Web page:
There is a man in the East Village who has walked the streets for years, checking the coin return slots of payphones for spare change. He used to carry a Tower Records bag. Now he carries a Duane Reade bag. Years ago, our paths crossed at the same time and place each day, early morning by Love Saves the Day. There, he would slip his finger into the payphone's coin return, often coming up empty.
If I got to the phone before him, I would put a quarter in the return slot. Not because I thought it would help him financially, but because when you're searching for something rare, unexpectedly finding it can really lift your spirits.
My morning schedule and route changed and I stopped passing that corner. I didn't see the man for years. When Love Saves the Day closed and the new ramen place ripped out the payphones, I thought of him. I wondered if he was still alive.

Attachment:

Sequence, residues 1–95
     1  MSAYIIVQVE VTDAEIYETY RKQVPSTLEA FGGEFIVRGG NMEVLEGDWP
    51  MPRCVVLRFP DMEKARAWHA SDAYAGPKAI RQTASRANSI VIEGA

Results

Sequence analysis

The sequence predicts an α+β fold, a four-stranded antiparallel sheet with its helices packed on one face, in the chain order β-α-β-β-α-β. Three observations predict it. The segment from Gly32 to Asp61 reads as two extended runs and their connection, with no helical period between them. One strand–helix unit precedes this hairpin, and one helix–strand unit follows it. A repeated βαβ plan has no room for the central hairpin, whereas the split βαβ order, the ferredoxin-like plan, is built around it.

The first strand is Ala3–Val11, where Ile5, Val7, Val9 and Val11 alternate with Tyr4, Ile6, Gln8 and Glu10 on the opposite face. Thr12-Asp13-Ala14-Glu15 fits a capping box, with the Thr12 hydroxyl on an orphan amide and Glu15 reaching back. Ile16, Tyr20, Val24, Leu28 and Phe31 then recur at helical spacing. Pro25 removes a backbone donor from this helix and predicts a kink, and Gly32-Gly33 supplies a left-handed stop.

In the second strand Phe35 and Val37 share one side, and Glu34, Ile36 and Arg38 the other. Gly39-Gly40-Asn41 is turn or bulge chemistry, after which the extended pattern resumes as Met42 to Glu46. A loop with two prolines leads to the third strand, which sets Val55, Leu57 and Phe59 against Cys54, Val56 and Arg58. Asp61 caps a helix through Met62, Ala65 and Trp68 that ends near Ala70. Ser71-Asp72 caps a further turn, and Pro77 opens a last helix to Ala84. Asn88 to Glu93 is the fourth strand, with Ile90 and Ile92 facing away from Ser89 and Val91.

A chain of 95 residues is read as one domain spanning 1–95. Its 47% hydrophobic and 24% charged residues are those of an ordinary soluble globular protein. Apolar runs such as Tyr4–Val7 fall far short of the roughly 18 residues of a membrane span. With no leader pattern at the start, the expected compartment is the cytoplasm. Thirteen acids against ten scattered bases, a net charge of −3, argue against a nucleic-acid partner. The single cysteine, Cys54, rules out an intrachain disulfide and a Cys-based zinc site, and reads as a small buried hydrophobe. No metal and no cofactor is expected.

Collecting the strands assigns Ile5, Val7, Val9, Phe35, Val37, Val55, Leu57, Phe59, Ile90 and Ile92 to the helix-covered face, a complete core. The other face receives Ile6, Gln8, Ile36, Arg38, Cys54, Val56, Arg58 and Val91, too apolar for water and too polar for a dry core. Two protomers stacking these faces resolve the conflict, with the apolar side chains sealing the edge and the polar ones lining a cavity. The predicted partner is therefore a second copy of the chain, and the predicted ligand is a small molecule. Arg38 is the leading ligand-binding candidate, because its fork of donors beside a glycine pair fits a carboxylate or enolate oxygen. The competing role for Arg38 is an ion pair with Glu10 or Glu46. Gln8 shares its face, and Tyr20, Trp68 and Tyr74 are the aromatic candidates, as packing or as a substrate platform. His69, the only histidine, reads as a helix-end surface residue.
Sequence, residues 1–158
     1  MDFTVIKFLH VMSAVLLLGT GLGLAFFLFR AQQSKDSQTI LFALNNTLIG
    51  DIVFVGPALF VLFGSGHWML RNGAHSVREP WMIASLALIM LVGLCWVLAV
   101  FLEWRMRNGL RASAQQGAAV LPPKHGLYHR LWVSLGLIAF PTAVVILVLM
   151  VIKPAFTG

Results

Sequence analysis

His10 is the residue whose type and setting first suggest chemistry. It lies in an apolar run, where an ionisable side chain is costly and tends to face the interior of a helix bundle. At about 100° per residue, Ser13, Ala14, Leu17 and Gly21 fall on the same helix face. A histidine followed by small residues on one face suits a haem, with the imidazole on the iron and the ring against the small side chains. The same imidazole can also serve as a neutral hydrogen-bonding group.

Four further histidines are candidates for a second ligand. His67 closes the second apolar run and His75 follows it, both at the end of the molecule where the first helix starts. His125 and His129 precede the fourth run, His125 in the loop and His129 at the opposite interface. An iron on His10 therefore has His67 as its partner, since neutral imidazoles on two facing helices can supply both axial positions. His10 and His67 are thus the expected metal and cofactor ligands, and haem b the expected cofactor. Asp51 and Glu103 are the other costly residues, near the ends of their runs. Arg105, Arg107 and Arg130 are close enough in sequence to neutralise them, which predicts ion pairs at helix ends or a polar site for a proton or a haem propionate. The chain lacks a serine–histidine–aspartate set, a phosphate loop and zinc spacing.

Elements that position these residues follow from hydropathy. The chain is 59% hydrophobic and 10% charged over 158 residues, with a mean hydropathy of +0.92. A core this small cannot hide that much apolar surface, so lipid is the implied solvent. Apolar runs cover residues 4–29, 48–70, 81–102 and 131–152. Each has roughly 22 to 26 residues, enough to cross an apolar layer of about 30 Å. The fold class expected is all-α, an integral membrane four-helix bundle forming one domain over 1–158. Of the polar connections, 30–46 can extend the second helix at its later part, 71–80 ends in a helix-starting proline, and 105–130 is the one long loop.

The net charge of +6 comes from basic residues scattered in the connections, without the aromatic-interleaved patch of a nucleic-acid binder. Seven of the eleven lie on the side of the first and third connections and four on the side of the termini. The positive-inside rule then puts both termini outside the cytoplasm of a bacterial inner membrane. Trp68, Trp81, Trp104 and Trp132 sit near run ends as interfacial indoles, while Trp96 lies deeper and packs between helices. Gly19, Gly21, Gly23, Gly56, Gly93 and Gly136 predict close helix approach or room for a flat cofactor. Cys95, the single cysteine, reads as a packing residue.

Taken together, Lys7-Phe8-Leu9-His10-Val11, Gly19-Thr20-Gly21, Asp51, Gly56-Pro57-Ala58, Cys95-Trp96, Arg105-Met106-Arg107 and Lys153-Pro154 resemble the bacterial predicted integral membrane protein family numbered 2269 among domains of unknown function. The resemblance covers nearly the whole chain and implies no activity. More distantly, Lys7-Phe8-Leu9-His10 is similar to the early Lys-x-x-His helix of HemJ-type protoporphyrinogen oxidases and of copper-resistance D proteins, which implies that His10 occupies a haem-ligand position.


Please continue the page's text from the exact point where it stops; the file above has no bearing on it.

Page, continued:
Recently, I ran into the man near the same corner and spoke to him.
"They took out your payphone," I said as we passed Love Saves the Day.
"Yeah, they did," he said, "Business has been down all around."
"Is it because of cellphones?"
"Yeah, cellphones. And you know what they're doing now? They make impressions of the key and open the phones. They just empty the coin box."
He stopped to check another payphone's return dish. I asked, "How many phones do you check each day?"
"Whenever I see one! But the odds are zero to five, zero to twenty."